I understand why your favicon is a photo of you (it is you, isn’t it?) enjoying the bouquet of a wine.  It is such an important part of the experience and the way you write about it makes me crave the experience for myself.  The way you write about all facets of enjoying a wine reminds me to slow down and savor.  I still harbor fears that I may never enjoy a wine fully simply because I lack the sensory apparatus that makes one a oenophile.  But fear is never a good reason to stop trying, is it?




(This post was originally intended for the Monthly Wine Writing Challenge #9 and the topic was “fear.”)



The Rolex Tailgate Edition

I need not remind you that we are within a week of North America’s premier equestrian event Rolex Kentucky.  Every year I take a long weekend vacation away from my horses and journey to Kentucky Horse Park so that I may gawk at other peoples’ horses.  Odd?  Oh I think not.

As if three phases of competition (dressage, cross country, stadium jumping) weren’t enough fun, Rolex Kentucky decided to add tailgating to the lineup a few years ago.  I am totally against any changes to my beloved Rolex, but to my intense surprise and delight, tailgating is a hit.

In addition to my usual pre-Rolex preparations (rain gear, sunscreen, waterproof boots, sunglasses, 5 pairs of jeans, Rambo eventing seat)  this year I am also tasked with the wine list. I love my life!

I chose three wines – the plan was one each for dressage, cross country, and stadium jumping – but since tailgating only takes place on cross country day, instead I opted for a light, a medium, and a sort-of-full.  Now, I know you all are competent horsepeople who never go anywhere without a Leatherman in your pocket (and thus are never without a corkscrew) but for simplicity’s sake, all of these wines sport screw caps.  (Disclaimer:  This wine is for spectator consumption only; drinking and riding do not mix so if you are in the tack, keep the bottles closed.)  Without further ado…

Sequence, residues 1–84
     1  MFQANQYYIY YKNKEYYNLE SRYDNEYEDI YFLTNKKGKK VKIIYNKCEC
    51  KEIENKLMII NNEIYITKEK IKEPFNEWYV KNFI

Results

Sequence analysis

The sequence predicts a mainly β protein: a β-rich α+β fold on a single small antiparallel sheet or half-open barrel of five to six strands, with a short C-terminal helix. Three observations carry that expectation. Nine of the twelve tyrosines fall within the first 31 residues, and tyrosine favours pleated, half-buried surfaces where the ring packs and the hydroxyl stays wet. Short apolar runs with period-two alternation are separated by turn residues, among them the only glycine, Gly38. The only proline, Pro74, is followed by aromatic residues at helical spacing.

Light:  Pine Ridge Chenin Blanc + Viognier


If Lexington grants hot sunny weather you’ll be cranking this bottle open well before noon. Without taking your eyes off of the horse galloping past take a sniff of this wine and you’ll be met not with a whiff of horse sweat and saddle leather but instead with a nice hit of citrus.  This will follow through to the palate.  This is the wine you want on a hot day as it is crisp and very refreshing.  Every rider on course is hoping for a clean crisp finish which is exactly what this wine will give you, with the added bonus of a hint of pear.  If Lexington give us cold and rainy weather you’ll probably want to pass on the Pine Ridge and open up the Cigar Box or the Meiomi.

Medium:  Meiomi Pinot Noir


We all know that my favorite Pinots are from Oregon but this is one time I will break from tradition and go with a California Pinot Noir.  The Meiomi also is slightly outside of the $12 price range (after a 20% discount I paid about $15 for a bottle) and once you taste it you’ll understand my choice.  Like all good riding this wine is balanced.  In the glass it is a lovely red violet.  There is a bit of spice on the nose but the palate bursts with berries.  I enjoy sipping this wine very much, but it is also good with lighter fare (such as that typically laid out on a tailgate).  This wine will linger on your palate, still fresh,  but in a mellow kind of way.  It is the perfect complement to a day out with horses no matter the weather conditions.

Sort-of-full:  Cigar Box Malbec


I wrote (brilliantly, I might add) about Cigar Box a year ago in a post called Of Gauchos And Malbec.  This wine has an overall heftiness to it compared to the other two, and a fuller feel all around.  On the nose you may pick up a hint of tobacco.  The wine has a very smooth and pleasing feel in your mouth, full but not too bold, fruity but not too sweet.   I dare you not to proclaim “Tallyho!” after your first swig.  The most unbelievable thing to me is that Cigar Box Malbec sells for $10.99 a bottle making it a perfect tailgate wine.  It is a good choice if your tailgate plans also include grilled fare.  At the end of a long day of cross country riding the Cigar Box is just another way of celebrating a satisfying finish.


Here’s to good friends, good riding, and mostly, to good horses!

Happy Birthday, Baby

It seems impossible to believe but little $12 taste buds is one year old today.  (Is it a birthday or an anniversary?  Let’s go with birthday.)

I still react this way whenever cake is served.

I still react this way whenever cake is served.

I’m feeling a bit of pressure to do something momentous, something to mark the occasion.  I’m feeling like you all are expecting me to say “Well, after a year of drinking lots of wine and writing about it, what I can say is…” and that’s where things start to unravel a bit.